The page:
What’s the Big Deal About Inspectors General?

This is Not Just Garden Varity Corruption- It’s a Core Evil


What is an Inspector General?

I suspect that not all that many people know much about inspectors general (IG) – their purpose, their history, how they normally operate. That’s too bad. Because few institutions are more important to good governance and accountability. Thanks to Trumps latest attempt to block independent investigations, many of us are about to learn about IGs.

There are variants all around. Some corporate Compliance Officers function much like IGs. Ombudsmen for news organizations also fill similar functions. And there are others. A more traditional, full-fledged IG is most often  in government organizations.

The IG system exists to catch those that slip through. The risk of abuse is real in any organization. The larger and more powerful the institution, the greater that risk. Therefore, having an IG team in place is crucial to the health of the larger organization.

In the best examples, the IG is chosen for his or her experience, integrity, and ability to work in difficult conditions. They have extraordinary latitude and freedom of action. They are a part of the larger organization but have independence from the rest of the leadership. This includes access to whatever information they need and the right to maintain secrecy unless and until charges seem warranted.

Those charges may be procedural (still career ending for anyone so charged successfully), criminal (referral) or both. The unquestioned loyalty of the IG team is to the institution and good process. It absolutely in not to an organizational leader. Strong leaders get this and have no problem with that arrangement.

My IG Experience

I grew up professionally in the US Army, an institution that has had IGs since its very earliest days. The military IG has a number of functions but responding to corruption and abuse of power is a core focus. The military has always recognized the corrupting potential of power and privilege – two things that come in ever larger doses with rank. In almost all cases, the chain of command and good processes will catch and resolve such abuses. The operative word here is almost. The IG gets the ones that slip through.

I have some first-hand experience with an IG system, and it has made me a fan. Throughout my military career I would on occasion single out a promising young officer whom I would nominate for IG duty. This was usually done over their wailing and gnashing of teeth objections. To a person, they came back to me years later and confirmed it was the single best preparation they had to become senior leaders themselves. That was why I sent them. Note that this means the system I knew, like most IG systems, does not have career inspectors. The IG ranks are filled from people all across the organization. They can be trained as IGs, but they carry in that field experience with them.

I also had the occasional charge lobbied against me by an unhappy solider, and it was the IG’s job to figure out what was going on. I never objected to the IG showing up under those circumstances. Without the IG, the system is too closed, too much at risk for abuse. You know – like a Secretary of State using government officials to run his errands. Just for a hypothetical example, of course…. Oh, and in my cases, everything came out fine. In case you were wondering.

A Serious Threat

Without a functioning IG, no organization, no employees have a safe, professional capacity to stop abuses in the early stages. This leads, inevitably, to corruption, low morale, abuse of power and privilege, and often to illegal activity. Knowing human nature, such an outlet is essential. I would not trust from the outset any leader who tried to compromise the IG system. This would be a bad sign of worse things to come.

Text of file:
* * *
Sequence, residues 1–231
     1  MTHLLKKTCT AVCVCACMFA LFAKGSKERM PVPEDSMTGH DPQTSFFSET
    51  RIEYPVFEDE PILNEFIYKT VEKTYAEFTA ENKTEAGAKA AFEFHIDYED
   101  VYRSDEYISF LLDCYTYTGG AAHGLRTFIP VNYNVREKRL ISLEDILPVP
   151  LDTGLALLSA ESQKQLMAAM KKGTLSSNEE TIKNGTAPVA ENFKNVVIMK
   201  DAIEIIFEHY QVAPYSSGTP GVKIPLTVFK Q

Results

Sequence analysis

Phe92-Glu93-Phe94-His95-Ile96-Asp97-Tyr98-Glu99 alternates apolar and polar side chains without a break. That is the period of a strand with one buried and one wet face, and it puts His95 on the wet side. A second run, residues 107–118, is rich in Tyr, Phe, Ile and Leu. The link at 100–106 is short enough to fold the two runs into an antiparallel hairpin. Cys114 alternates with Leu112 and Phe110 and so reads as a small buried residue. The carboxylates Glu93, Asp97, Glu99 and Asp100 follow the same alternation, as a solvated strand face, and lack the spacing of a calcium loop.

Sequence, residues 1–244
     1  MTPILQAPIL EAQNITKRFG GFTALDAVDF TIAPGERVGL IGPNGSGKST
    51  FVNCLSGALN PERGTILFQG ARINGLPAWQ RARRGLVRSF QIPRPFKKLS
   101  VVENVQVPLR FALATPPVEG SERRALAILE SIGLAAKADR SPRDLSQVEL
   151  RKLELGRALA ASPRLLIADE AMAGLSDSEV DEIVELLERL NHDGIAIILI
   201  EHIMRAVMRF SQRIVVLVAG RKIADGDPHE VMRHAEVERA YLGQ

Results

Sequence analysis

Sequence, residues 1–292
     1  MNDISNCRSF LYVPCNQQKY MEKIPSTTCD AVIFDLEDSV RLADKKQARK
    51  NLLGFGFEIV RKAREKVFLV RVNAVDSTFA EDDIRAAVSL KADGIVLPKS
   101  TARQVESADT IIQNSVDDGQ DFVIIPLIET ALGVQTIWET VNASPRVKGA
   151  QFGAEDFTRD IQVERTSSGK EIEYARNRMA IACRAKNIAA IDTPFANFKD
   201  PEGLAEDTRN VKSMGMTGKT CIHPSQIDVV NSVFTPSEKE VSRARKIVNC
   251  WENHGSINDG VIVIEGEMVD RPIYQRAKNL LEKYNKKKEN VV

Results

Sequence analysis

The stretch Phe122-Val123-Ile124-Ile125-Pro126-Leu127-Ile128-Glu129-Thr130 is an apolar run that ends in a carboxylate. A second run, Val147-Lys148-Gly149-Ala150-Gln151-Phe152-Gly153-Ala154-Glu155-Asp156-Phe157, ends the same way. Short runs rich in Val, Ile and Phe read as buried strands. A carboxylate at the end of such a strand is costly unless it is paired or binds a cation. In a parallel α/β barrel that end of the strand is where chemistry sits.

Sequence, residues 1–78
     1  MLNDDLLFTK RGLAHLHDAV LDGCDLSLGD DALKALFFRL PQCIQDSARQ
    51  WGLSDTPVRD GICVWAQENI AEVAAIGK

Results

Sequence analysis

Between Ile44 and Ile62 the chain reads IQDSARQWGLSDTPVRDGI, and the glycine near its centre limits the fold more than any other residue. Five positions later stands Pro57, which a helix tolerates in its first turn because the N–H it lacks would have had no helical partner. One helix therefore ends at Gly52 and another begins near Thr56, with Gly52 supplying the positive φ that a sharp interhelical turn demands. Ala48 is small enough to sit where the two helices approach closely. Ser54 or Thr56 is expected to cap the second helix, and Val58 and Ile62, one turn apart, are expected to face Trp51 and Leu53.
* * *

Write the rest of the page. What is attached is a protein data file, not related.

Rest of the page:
Trump has raised this issue in a way even Nixon would not have attempted. He is simply firing every IG or other independent investigator he is aware of and replacing them with his sycophants. I cannot overstate the damage this does to personnel and operations.  It has not been all that long since Congress passed a law requiring 30 days’ notice and a rationale for firing such a person. More protection is needed.

Even some Republican members of Congress have spoken out against what Trump is doing here (Grassley, for one). But based on the record, time after time, I would count on few of them actually trying to stop him. Few of them – as in zero. And that is yet another reason to vote them out in November. To allow the gutting of so fundamental a tool of accountability is unacceptable.

We likely need something along the lines of Senate confirmation for all IGs and times of service, like the Federal Reserve, that spans more than an administration. The IG should not serve “at the President’s pleasure.” It is not difficult to install recall procedures and still protect the integrity of the system.

We wink at this one or lose track of it in all that is going on at great peril. Let’s not do that, please.

    Bill Clontz

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6 replies to What’s the Big Deal About Inspectors General?

  1. I was not aware of the functions of the Inspector General in typical organizations. Having read this I am now aware not only of the functions, but the importance of those functions, thank you.

    • Thanks you, Herman. They do a number of other things as well, but this is so important. Human nature being what it is, we need that check in place for sure.

    • Thank you, Herman. Glad you found it useful. Given human nature, we need that check on power.

  2. Thank you. I learned a lot from this column and appreciate your efforts to educate us. The IG job sounds challenging. Do they have staff members and is there any sort of hearing for the cases they work on? Tell us more, please.

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